Welcome to Engagement Season…

Welcome to engagement season, the magical time between Thanksgiving and Valentine’s Day. You may have noticed your Facebook feed flooded with “I SAID YES!” announcements over the last few months–I know I have. Many of us are aware of the phenomenon of the social media “highlight reel” and the effect it can have on our emotional well-being. It’s natural for us to want to convey the celebratory moments with our friends and families; however, there is one aspect I wish was more popular on these virtual platforms and that is the work that it took to get there.

As a therapist, and even moreso as a human being, I tend to notice how we talk about premarital and couples counseling. It’s often referenced as a last resort, a last-ditch effort to repair years of hurt brought on by concerns related to intimacy, trust and communication. While this approach can still be beneficial and addressed thoughtfully throughout the therapeutic process, there is so much benefit to proactive care verses reactive repair.

In the heady early months and years of a relationships, you may find yourself thinking, “We are so happy and we get along so well. Why would we need to go to therapy if we never argue?” Premarital counseling can be effective in setting the tone for resilience in your marriage is when the going gets tough. The wedding lasts for one day, but the marriage is intended to last forever. I often remind my clients that they probably did not agree to marriage with the motivation of it leading to separation or divorce. Learning to stay connected to each other is often easier to do when things are going well, rather than when intense emotions are running high.

I like to think of premarital counseling as building a solid foundation while demonstrating that your relationship is a priority even when things are going well. Imagine you buy a house to remodel it, and it has ugly, stained carpet, with damaged floors, outdated paint colors, cabinetry, etc. But you can see the potential in the home by addressing these cosmetic concerns. Now imagine there is a crack in the foundation of the house. It won’t matter how pretty it is on the inside if the cracked foundation means the house can come crashing down later.

Here are some concepts addressed in premarital therapy that can help reinforce the foundation of your relationship.

  • Fear. Some people are worried that premarital counseling can shed light on concerns that may have never been exposed, and avoid the counseling in order to avoid potential disagreements. However, the fact is that addressing challenges early on can help couples learn to resolve conflict or get their needs met quickly and effectively. In my experience, couples who have demonstrated this kind of avoidance can eventually become dissatisfied in their marriage, and these relationships may be more susceptible to emotional infidelity as partners find that their needs are being met by someone outside the relationship. Let’s banish the fear that talking about the relationship will cause more problems.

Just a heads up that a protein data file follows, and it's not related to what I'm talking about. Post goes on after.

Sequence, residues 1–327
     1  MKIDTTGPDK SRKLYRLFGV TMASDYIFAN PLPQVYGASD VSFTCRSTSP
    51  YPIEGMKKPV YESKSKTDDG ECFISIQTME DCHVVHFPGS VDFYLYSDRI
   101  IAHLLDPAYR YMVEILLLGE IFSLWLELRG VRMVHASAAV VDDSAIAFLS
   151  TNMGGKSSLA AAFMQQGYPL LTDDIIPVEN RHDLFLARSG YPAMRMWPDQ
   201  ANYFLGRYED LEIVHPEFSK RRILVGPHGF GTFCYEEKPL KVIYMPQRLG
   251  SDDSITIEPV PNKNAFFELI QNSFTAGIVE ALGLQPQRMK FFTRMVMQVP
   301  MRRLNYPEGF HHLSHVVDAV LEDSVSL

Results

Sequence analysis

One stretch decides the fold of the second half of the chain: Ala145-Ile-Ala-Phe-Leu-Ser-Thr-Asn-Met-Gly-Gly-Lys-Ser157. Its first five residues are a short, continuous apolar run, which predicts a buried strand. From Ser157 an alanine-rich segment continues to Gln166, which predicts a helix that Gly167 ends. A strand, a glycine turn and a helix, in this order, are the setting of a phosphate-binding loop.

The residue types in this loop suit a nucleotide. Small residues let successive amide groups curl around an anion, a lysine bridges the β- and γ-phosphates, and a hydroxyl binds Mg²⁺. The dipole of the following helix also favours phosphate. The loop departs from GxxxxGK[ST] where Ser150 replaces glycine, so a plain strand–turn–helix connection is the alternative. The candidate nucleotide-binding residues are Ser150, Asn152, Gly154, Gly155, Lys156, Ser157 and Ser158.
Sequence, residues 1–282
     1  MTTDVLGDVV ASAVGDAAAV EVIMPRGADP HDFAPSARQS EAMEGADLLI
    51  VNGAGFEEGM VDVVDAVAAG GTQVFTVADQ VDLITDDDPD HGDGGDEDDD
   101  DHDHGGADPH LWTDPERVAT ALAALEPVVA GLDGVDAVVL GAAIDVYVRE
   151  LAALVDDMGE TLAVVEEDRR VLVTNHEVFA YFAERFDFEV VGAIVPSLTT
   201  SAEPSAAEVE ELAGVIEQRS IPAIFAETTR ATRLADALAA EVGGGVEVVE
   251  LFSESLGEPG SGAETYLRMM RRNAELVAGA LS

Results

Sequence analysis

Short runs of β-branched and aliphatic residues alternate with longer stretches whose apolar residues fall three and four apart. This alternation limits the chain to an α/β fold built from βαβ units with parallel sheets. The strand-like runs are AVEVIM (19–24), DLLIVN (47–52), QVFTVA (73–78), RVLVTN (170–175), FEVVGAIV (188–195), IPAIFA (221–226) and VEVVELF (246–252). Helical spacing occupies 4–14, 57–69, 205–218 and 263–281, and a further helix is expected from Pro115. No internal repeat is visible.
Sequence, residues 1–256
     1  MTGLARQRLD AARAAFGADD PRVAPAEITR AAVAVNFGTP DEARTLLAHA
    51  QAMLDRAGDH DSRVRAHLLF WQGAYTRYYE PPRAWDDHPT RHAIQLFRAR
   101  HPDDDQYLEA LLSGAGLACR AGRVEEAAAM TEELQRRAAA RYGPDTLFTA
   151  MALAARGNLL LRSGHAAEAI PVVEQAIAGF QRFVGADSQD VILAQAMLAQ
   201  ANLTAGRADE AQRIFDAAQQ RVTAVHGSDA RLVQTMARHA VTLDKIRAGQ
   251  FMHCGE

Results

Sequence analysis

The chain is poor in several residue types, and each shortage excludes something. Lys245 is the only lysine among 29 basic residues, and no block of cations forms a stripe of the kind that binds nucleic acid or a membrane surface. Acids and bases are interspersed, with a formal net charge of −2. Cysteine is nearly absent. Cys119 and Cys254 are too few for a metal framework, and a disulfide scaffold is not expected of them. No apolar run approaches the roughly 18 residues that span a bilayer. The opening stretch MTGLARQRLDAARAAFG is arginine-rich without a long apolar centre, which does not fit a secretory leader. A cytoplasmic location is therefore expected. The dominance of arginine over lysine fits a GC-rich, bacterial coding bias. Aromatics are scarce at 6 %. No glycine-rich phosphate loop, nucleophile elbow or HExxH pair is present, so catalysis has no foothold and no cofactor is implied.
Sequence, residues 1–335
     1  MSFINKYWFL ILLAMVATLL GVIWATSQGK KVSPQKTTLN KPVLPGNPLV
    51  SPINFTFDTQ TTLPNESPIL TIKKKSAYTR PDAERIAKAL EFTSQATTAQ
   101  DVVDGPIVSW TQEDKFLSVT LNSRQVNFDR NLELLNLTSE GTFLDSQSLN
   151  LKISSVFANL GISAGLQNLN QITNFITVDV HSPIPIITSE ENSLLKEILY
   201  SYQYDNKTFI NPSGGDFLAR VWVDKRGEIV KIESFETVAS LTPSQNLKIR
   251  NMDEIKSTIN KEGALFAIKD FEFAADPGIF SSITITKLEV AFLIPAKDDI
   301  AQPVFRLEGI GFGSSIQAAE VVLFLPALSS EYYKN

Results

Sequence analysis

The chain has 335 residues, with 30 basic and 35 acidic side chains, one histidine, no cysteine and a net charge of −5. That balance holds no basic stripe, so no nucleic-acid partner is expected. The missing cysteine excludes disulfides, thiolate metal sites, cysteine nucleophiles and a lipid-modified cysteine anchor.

• Communication. In addition to learning to communicate and resolve conflict, premarital counseling can help couples navigate important questions about their lives together, as well as increase insight about their own motivations toward marriage. This can help solidify commitment as partners develop a deeper understanding of each others needs as well as their own on topics like spiritual beliefs, financial management, relationship roles, affection, sexuality, family and friends–and a clearer understanding of how these needs can be met.
  • Establishment of Therapy as a Resource. Collaborating with a premarital therapist creates a connection with a trusted professional in the area of romantic relationships. As you move forward with your marriage and challenges inevitably arise, having a connection with someone who knows you and your relationship makes it much easier to schedule an appointment sooner rather than later. When feelings of hurt go unaddressed for too long, they can lead to tougher, more intractable feelings like resentment and defensiveness–common themes in reactive care.
  • Investment. Money can be one of the biggest barriers to premarital counseling. It is a big expense to add on top of diamonds, fancy attire, venues, catering, etc. Premarital counseling gives you a return on your investment while helping you prepare for your lifetime of marriage. There are several approaches your therapist can offer when it comes to navigating this topic. Initiate a conversation about how to seek financial reimbursement from your insurance company or develop a suitable fee schedule with your therapist. It may sound trite, but it is still true that therapists are cheaper than divorce attorneys.

Whether your “house” needs cosmetic work or a deep foundational overhaul, we welcome you to reach out to schedule a complimentary 15-minute phone consultation with myself or any one of my knowledgeable colleagues at Lindsey Hoskins & Associates. Learn how we can provide you with the type of care that best meets your relationship needs. In the meantime, happy engagement season!

Lindsay Enright, MS, LCMFT provides couple, family, and individual therapy at our downtown Bethesda office. Call or email today to set up your first appointment or a complimentary telephone consultation with Lindsay.

Phone: MD: 240-752-7650
4905 Del Ray Avenue, Suite 301
Bethesda, MD 20814